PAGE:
Third, it holds before us the urgent need to win more Muslims for Christ. In the past, for various reasons, missionaries used to say Islam was the greatest challenge to the church. This is still true. Even though Muslims are now coming to Christ in the tens of thousands every year, Islam is growing annually by 32 million (mostly biological growth). The point is, we are not keeping up, and must do better. This book suggests that engaging them at the local level (Adaptive Mission) will produce more fruit.
“Ordinary” Muslims in Pakistan
Finally, Chapter 8 of the book (written by this reviewer) focuses on folk Muslims in Pakistan as only one example of what it means to reach them at the local level. My chapter states that in some ways, traditional and folk Muslims have things in common. Both have the idea that God predetermines everything by his white-hot power. For years, theologians of Islam have debated predestination, but as the following verses show, the Qur’an allows little room for human choice. For example, “No soul can believe except by the will of Allah” (10:100); “Ye will not except Allah wills” (76:29-31a). There are at least twenty-one statements that suggest God lets stray whom he will and guides whom he will.
Such theology pushes “ordinary” Muslims to believe that if God guides you, that is great; if not, you are doomed. In contrast, Jesus’ followers have hope and assurance. The Hebrew word barak (blessing) literally means to “bend the knee,” but it is not a matter of submitting to God as a slave. We are his beloved children, and so the true meaning of blessing is joy and trust, unmarred by fear and care. And since we are his children, we can always praise him because he is looking out for us.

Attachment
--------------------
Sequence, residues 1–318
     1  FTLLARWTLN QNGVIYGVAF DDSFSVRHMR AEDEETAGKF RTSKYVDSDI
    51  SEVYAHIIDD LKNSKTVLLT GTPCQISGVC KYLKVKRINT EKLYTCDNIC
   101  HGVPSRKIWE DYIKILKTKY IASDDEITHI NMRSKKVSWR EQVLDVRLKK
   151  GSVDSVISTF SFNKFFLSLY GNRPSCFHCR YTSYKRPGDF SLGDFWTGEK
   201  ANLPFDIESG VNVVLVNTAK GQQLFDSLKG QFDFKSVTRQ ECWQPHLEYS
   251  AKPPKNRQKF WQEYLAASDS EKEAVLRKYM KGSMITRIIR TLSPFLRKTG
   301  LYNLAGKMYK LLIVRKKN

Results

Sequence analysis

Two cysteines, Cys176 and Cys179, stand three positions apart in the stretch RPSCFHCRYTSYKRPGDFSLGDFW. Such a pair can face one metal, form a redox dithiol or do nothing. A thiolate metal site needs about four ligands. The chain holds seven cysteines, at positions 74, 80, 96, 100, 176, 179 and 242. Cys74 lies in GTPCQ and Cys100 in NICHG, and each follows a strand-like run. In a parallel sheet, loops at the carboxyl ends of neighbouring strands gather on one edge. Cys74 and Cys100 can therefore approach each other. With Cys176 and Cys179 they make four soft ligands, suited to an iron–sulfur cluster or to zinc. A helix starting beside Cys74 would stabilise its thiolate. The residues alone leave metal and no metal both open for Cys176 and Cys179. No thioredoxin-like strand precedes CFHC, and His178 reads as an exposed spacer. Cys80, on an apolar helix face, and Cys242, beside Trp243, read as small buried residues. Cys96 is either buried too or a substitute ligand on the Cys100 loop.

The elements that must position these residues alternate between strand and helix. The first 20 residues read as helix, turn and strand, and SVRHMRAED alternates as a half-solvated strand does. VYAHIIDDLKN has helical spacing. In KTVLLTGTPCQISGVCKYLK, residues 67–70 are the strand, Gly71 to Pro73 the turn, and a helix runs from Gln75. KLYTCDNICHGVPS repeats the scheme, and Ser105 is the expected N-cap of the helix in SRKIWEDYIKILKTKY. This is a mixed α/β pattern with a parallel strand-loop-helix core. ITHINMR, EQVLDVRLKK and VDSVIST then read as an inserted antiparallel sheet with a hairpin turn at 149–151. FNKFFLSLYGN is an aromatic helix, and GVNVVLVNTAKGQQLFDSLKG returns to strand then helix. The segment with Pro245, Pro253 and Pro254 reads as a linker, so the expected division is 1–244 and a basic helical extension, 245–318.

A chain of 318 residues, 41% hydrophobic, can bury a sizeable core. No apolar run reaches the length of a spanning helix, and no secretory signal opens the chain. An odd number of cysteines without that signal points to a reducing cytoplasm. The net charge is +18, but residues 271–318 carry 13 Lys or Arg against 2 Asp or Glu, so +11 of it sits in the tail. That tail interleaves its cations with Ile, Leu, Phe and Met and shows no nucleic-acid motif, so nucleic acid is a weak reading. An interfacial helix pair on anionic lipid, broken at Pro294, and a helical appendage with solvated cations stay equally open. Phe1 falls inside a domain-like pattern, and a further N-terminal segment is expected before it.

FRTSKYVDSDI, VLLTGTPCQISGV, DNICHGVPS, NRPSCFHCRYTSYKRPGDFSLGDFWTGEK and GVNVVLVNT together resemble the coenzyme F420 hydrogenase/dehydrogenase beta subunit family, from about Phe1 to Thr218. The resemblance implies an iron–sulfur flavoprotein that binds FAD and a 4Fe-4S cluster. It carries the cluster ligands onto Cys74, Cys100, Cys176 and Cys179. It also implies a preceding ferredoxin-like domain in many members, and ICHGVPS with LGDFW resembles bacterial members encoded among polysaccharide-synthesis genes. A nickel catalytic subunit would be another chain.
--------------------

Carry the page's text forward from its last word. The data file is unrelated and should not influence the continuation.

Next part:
I go to on to say although one would think because Pakistanis believe the overall will and control of Allah is final, and that one must trust in his sovereign will in the face of disease and death, the fact is they spend vast amounts of energy and money trying to fight it. Shrine activity is how Muslims put a human face on religion in trying to meet their felt needs. Hence, a thorough understanding of felt needs will open many doors for the spread of the gospel. If Allah is not delighted by obedience and is not displeased by sins, nor hostile to the arrogant, they must look for a way to have their needs met.
Moreover, if Allah’s hand is not close to protect and his eyes are indifferent to hostile forces, then charms, spells, curses and incantations must be used to gain peace for the soul and health for the body. Illness does not just happen, say Pakistani Muslims: it befalls victims because of hostile forces like the evil eye and other menacing forces. Ordinary Muslims need physical, emotional and spiritual healing and a Christian worker must work, not only in a scientific way, but in a spiritual manner. The gospel alone brings deliverance. And since veneration of pirs in Pakistan is done in an attempt to fulfill a deep felt need (it leaves the heart empty), the cross-cultural worker must make much of Jesus as the only one who has the power to save them from Satan, fear of evil spirits and terror of the grave. Muslims feel a great need to know God personally and the good news is that they can through Christ.
In conclusion, Margins of Islam is an extremely valuable guide for understanding and reaching Muslims in the 21st century. The contents do not provide simple answers, but the book’s strength is that it shows how we can communicate the gospel to Muslims on the local level. In the end, only God can give the kind of fruit we so desperately look for, but this book will help workers minister to Muslims through “adaptive mission.